William Tyndale was born around 1494 and died as a martyr in 1536. He is mainly remembered for his contribution to the Reformation in England and, in particular, his translation of the Bible into the common language.
In 1526, Tyndale found a printer, Peter Schoeffer, who agreed to complete the printing of his English New Testament. This was the first portion of the Scriptures to be translated into English from Greek and to be mechanically printed. Some six thousand copies were printed in clear, common English.
Later that year, Tyndale began to smuggle his English New Testaments into England in bales of cotton. Demand quickly outstripped supply.
By the summer of 1526, this underground circulation of Tyndale’s New Testament became known to church officials.
Both the archbishop of Canterbury and the bishop of London were enraged.
The Catholic church wanted all copies of William Tyndale’s New Testament destroyed because they believed that Tyndale’s translation contained many errors and heretical teachings that could lead people astray from the established teachings of the Catholic Church.
Tyndale’s translation was made from the original Greek and Hebrew texts rather than the Latin Vulgate, which was the official Bible of the Catholic Church at that time. This made the translation of the New Testament more accessible to the common people, who could now read and interpret the text for themselves.
The archbishop ordered the destruction of all the copies of Tyndale’s New Testament that they could find and declared it a serious crime to buy, sell, or even handle it. But this only increased demand, and as more and more people got their hands on a copy, Tyndale’s translation became more and more difficult to find and destroy.
Tyndale himself was also very good at hiding, and they had a great deal of trouble finding him. As irony would have it, Tyndale is said to have once disguised himself as a Catholic friar and smuggled a shipment of Bibles into Antwerp by pretending to be a seller of rosary beads.
When at last he was found, he was imprisoned in the castle of Vilvoorde, six miles north of Brussels.
There, Tyndale suffered for nearly a year and a half as preparations were made for his trial. But his suffering, like his labour, was not in vain.
John Foxe writes that Tyndale “was affecting even his very enemies” because, during the time of his imprisonment, he converted not only his jailer, but his jailer’s daughter, and the other members of the jailers’ household” (Foxe, Foxe’s Book of Martyrs, 127).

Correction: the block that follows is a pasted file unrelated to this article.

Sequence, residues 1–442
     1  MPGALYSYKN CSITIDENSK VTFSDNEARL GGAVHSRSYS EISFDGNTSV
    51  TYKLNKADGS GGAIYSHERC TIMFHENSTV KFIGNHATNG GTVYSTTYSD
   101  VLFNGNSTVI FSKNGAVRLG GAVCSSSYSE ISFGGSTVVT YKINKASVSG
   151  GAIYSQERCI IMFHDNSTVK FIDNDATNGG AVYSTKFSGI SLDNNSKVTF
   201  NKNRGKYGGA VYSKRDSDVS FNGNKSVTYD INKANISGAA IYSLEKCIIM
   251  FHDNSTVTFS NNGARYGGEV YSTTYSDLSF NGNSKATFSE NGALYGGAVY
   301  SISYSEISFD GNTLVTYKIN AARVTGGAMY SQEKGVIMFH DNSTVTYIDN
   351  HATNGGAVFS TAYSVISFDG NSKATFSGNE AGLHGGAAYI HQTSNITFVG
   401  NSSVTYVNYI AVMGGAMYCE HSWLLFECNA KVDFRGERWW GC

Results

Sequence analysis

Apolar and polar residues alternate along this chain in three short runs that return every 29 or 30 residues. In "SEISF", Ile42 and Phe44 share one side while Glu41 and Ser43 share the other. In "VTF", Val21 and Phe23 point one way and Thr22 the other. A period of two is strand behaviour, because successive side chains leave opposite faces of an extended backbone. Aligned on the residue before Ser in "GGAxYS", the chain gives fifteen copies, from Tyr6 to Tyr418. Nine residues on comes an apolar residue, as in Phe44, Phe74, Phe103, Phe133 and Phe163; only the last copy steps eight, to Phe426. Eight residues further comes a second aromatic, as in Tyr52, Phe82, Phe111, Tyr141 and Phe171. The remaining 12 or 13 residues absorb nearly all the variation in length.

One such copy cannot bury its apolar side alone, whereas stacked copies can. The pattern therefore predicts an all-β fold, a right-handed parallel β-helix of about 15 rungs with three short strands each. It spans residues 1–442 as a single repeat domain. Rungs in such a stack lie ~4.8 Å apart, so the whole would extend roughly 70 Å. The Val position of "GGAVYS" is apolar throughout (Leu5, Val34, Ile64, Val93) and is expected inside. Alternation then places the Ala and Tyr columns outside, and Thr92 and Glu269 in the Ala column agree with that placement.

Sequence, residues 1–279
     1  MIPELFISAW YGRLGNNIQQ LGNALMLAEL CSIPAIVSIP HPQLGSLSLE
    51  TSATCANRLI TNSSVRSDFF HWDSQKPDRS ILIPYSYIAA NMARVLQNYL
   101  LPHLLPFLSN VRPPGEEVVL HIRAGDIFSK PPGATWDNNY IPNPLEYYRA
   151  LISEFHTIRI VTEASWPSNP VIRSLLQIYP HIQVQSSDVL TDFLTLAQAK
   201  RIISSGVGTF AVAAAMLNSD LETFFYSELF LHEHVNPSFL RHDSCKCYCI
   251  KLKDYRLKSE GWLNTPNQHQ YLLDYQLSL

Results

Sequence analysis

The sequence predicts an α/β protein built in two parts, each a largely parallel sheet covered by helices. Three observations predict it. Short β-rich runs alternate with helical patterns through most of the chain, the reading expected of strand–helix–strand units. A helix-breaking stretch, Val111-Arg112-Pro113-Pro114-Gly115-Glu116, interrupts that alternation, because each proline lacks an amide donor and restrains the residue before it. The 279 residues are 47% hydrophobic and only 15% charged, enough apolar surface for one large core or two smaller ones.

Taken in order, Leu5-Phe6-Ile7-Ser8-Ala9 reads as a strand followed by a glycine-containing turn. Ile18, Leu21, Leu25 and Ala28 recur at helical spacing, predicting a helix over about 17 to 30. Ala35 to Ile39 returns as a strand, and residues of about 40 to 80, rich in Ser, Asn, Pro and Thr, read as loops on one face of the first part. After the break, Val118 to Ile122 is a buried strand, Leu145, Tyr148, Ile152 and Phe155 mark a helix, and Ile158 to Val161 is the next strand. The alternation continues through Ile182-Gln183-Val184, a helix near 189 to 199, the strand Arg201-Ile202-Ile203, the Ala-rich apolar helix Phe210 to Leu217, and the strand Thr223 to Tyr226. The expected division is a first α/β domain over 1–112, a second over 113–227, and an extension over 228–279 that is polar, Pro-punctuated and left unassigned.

Finally, in August 1536, Tyndale stood trial. A long list of charges was drawn up against him, and he was condemned as a heretic. He was handed over to the secular powers for punishment and the death sentence was pronounced.
Tyndale was executed on October 6th, 1536. So desperate was the church to rid the world of this man that he was first strangled, then burned, and then his body blown apart by gunpowder.
And this is what we, in Christian circles, call a victory.
Like his body, the word of God which he translated for the sake of the common people has been blown by the Spirit to the four corners of the Earth.
The majority of English Bible translations today, indeed, a good part of the English language itself, is based on Tyndale’s work. Common expressions such as fight the good fight, my brother’s keeper, the salt of the earth, break the ice, and eat drink and be merry, are just a few of the hundreds of idioms created by Tyndale and used by us today.
He also gave us words like Atonement, Jehovah, passover, scapegoat, beautiful, long-suffering, peacemaker, betrothed and mercy seat. Not to mention, casual, comprehend, harass, integrity, jeopardise, jubilee, prohibit, and vandalise.
And, at the cost of his own life, William Tyndale gave us, the common people, a book you can now get on Amazon for around twenty bucks. A book that we can read and understand, and in which are the very words of life.